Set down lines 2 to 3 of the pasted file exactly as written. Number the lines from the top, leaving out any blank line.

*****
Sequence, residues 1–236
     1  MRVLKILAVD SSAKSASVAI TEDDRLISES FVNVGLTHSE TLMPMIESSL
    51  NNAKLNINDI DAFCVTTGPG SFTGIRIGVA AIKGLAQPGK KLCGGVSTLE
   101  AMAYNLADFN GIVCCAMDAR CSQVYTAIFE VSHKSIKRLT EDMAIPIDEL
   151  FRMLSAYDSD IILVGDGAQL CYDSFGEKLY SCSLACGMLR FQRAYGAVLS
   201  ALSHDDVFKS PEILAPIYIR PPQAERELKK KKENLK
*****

     1  MRVLKILAVD SSAKSASVAI TEDDRLISES FVNVGLTHSE TLMPMIESSL
    51  NNAKLNINDI DAFCVTTGPG SFTGIRIGVA AIKGLAQPGK KLCGGVSTLE